Tori Spelling Undergoes Emergency Surgery After C-Section

Tori Spelling and husband Dean McDermott having been celebrating the birth of their fourth child, son Finn Davey, born August 30th. But the festivities had to be put on hold when Spelling had to undergo emergency surgery.

As her rep told People:

Tori underwent emergency surgery over the weekend due to complications from her c-section. She remains in the hospital and is resting comfortably.

No specifics were given about what complication or what kind of surgery Spelling underwent.

Spelling and McDermott’s third child, daughter Hattie, was born last October, also by c-section.

C-Section Information

Cesarean delivery, also called c-section, is surgery to deliver a baby. The baby is taken out through a surgical incision in the mother’s abdomen (see pictures of the two types below). Most cesarean births result in healthy babies and mothers. But a c-section is major surgery and carries risks. Healing also takes longer than with vaginal birth.

Most healthy pregnant women with no risk factors for problems during labor or delivery have their babies vaginally. Still, the cesarean birth rate in the United States has risen greatly in recent decades. Today, nearly 1 in 3 women have babies by c-section in this country. The rate was 1 in 5 in 1995.

Your doctor might recommend a c-section if she or he thinks it is safer for you or your baby than vaginal birth. Some c-sections are planned. But most c-sections are done when unexpected problems happen during delivery. Even so, there are risks of delivering by c-section.

Studies show that the benefits of having a c-section may outweigh the risks when:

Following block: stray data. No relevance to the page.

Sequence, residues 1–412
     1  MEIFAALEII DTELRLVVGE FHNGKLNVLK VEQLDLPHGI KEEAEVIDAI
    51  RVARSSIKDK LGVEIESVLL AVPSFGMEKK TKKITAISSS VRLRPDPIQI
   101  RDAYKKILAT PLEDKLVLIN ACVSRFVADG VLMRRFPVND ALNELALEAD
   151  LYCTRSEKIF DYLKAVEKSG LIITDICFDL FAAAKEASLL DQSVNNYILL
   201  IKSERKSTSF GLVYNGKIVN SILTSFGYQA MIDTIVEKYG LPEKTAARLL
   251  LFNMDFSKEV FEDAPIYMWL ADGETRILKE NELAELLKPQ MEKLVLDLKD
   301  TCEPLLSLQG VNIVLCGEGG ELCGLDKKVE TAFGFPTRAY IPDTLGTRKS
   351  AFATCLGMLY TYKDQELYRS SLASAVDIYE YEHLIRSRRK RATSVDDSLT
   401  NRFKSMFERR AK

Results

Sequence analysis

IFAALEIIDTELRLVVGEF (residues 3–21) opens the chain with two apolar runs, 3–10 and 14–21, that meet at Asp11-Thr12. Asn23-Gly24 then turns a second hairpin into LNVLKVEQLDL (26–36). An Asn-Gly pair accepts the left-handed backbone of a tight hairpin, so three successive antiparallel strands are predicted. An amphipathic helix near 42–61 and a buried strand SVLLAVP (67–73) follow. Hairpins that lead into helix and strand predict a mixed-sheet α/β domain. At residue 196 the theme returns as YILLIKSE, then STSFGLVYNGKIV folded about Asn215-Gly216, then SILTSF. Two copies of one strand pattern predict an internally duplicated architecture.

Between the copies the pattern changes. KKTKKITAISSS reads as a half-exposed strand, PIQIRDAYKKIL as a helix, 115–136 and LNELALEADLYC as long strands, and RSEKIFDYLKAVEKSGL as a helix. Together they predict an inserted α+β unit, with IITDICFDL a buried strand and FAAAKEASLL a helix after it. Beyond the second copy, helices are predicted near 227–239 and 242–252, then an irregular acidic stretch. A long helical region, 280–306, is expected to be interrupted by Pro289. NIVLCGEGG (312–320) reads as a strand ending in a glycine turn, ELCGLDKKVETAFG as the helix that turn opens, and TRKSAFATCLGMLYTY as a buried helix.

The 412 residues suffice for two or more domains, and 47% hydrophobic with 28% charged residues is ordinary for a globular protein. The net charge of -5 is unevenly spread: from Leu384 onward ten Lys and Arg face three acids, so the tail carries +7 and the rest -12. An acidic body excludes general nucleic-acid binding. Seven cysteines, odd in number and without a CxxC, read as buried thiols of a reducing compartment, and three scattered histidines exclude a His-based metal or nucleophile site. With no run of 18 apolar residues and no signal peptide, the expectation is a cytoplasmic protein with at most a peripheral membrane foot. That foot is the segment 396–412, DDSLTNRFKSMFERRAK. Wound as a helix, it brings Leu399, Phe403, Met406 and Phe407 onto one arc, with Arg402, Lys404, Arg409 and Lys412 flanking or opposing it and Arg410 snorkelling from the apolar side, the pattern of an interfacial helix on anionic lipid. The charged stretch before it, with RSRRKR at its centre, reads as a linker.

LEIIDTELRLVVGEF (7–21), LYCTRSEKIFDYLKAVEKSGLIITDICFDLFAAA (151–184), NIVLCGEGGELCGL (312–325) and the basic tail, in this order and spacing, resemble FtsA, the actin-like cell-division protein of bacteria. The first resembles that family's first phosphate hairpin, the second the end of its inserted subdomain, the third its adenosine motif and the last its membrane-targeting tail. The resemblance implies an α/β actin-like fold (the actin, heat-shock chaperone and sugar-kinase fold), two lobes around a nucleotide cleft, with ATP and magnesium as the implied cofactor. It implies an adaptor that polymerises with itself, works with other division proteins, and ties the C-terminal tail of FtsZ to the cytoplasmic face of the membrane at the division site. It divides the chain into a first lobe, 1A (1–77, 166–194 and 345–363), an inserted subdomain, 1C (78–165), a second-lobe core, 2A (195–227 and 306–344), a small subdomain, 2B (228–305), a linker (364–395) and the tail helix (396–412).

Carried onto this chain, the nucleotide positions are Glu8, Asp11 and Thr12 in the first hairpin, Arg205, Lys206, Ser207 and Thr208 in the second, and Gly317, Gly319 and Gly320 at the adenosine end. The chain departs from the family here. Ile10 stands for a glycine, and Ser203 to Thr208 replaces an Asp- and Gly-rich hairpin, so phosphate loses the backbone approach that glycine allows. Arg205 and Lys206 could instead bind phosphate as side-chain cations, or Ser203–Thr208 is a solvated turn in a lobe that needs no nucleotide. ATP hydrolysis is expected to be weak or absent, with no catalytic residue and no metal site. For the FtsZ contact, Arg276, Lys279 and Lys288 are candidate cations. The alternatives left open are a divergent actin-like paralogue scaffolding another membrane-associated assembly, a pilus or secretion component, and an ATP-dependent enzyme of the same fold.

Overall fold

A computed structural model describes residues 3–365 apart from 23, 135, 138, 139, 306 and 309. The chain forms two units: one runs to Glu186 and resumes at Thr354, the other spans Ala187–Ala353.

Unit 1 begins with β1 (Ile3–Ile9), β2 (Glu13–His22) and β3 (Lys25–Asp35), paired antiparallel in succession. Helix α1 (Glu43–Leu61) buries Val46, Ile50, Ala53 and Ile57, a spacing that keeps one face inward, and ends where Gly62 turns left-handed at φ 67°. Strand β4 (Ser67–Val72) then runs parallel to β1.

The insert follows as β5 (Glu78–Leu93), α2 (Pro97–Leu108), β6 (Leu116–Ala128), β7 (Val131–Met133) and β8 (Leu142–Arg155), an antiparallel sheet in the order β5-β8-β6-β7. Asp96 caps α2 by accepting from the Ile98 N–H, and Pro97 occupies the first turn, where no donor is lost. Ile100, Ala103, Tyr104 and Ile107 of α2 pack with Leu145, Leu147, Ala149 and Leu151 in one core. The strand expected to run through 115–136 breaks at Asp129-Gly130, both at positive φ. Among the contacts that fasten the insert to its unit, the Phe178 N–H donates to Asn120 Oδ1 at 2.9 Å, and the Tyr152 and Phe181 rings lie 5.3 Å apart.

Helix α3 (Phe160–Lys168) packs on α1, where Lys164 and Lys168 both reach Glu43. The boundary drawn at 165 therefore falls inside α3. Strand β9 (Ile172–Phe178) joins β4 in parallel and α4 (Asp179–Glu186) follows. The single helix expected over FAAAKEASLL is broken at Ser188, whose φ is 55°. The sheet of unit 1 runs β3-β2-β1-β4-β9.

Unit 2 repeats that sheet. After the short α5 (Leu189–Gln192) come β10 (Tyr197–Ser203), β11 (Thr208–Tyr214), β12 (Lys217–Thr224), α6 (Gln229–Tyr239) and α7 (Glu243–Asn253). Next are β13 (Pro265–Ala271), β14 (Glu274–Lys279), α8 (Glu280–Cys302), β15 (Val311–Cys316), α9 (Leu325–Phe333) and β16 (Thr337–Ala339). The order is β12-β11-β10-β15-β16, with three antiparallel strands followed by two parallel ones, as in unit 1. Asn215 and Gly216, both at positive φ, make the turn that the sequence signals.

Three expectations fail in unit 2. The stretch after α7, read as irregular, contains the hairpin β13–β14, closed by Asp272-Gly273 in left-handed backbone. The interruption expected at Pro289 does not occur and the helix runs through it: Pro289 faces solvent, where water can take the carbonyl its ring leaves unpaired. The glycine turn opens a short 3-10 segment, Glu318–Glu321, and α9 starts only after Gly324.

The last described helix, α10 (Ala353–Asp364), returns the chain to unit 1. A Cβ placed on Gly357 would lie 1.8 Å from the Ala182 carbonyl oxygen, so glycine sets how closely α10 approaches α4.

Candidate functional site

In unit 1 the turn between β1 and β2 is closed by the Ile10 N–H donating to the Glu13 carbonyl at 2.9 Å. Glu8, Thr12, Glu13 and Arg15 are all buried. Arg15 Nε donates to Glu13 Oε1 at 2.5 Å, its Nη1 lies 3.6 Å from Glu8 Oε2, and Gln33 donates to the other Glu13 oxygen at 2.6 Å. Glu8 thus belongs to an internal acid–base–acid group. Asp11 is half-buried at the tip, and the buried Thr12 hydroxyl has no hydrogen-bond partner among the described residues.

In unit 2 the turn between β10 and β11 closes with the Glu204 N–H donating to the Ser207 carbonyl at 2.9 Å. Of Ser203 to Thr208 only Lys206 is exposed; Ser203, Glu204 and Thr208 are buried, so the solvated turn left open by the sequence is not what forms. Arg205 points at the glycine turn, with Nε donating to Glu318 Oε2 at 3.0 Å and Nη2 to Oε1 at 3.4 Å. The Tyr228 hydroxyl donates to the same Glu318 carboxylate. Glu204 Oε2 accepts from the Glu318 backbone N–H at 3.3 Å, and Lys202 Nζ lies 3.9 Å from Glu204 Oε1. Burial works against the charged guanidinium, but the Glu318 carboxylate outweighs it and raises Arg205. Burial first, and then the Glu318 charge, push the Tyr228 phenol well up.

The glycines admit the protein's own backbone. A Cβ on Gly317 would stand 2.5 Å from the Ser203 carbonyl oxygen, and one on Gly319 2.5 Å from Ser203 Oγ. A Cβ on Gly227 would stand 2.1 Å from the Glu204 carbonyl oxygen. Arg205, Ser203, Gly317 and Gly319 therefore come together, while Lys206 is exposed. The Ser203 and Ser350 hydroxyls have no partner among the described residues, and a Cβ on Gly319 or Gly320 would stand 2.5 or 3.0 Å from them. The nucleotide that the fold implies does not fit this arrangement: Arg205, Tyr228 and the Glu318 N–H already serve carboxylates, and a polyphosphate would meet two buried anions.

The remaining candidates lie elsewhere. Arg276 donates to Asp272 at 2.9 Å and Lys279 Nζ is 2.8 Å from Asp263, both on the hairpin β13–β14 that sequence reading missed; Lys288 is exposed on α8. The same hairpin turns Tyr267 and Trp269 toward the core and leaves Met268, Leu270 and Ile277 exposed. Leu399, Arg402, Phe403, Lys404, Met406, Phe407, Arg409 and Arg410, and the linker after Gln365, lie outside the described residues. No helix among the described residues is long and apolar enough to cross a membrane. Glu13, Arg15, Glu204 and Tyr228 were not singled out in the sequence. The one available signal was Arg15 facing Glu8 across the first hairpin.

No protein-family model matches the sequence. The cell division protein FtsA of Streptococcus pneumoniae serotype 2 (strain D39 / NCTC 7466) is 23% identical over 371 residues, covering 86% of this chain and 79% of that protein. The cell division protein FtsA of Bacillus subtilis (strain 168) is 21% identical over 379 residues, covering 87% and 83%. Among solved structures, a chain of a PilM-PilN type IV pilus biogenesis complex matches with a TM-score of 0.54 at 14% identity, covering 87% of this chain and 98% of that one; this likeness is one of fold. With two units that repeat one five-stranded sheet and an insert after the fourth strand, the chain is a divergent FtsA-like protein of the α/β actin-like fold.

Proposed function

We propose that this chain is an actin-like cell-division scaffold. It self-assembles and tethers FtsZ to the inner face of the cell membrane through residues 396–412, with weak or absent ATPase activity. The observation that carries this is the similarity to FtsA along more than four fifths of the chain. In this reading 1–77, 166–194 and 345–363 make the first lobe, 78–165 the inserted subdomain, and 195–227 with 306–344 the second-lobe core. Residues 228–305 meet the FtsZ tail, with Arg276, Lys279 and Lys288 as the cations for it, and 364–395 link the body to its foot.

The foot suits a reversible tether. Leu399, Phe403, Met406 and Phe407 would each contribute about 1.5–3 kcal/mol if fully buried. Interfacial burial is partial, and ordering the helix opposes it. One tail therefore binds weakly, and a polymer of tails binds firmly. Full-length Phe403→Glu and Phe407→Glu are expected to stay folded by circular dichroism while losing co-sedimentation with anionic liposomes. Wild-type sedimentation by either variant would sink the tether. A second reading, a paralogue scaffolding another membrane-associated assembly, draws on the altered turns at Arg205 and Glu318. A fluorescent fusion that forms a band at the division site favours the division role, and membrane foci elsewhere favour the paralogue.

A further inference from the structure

•     The mother is carrying more than one baby (twins, triplets, etc.)
  •     The mother has health problems including HIV infection, herpes infection, and heart disease
  •     The mother has dangerously high blood pressure
  •     The mother has problems with the shape of her pelvis
  •     There are problems with the placenta, such as placenta previa, or placental abruption.
  •     There are problems with the umbilical cord
  •     There are problems with the position of the baby, such as breech
  •     The baby shows signs of distress, such as a slowed heart rate
  •     The mother has had a previous c-section*

*Some women who have delivered previous babies by c-section would like to have their next baby vaginally. This is called vaginal delivery after c-section or VBAC.

Women give many reasons for wanting a VBAC. Some want to avoid the risks and long recovery of surgery. Others want to experience vaginal delivery.

Today, VBAC is a reasonable and safe choice for most women with prior cesarean delivery, including some women who have had more than one cesarean delivery. A key factor in this decision is the type of incision made to your uterus with previous c-sections.

With VBAC, the most serious danger is the chance that the c-section scar on the uterus will open up during labor and delivery. This is called uterine rupture. Although very rare, uterine rupture is very dangerous for the mother and baby. Less than 1 percent of VBACs lead to uterine rupture.

What are the complications of C-Sections?

A C-section is a safe procedure. The rate of serious complications is extremely low. However, certain risks are higher after C-section than after vaginal delivery.

These include:

  • Infection of the bladder or uterus
  • Injury to the urinary tract
  • Injury to the baby

A C-section may also cause problems in future pregnancies. This includes a higher risk for:

  • Placenta previa
  • Placenta growing into the muscle of the uterus and has trouble separating after the baby is born (placenta accreta)
  • Uterine rupture

These conditions can lead to severe bleeding (hemorrhage), which may require blood transfusions or removal of the uterus (hysterectomy).

All surgeries carry risks. Risks due to anesthesia may include reactions to medications used before, during, or after the procedure, and breathing problems.

Risks related to surgery in general may include:

  • Bleeding
  • Blood clots in the leg or pelvic veins
  • Infection

 In any case, we wish Tori well for a speedy recovery!

Michele R. Berman, M.D. was Clinical Director of The Pediatric Center, a private practice on Capitol Hill in Washington, D.C. from 1988-2000, and was named Outstanding Washington Physician by Washingtonian Magazine in 1999. She was a medical internet pioneer having established one of the first medical practice websites in 1997. Dr. Berman also authored a monthly column for Washington Parent Magazine.

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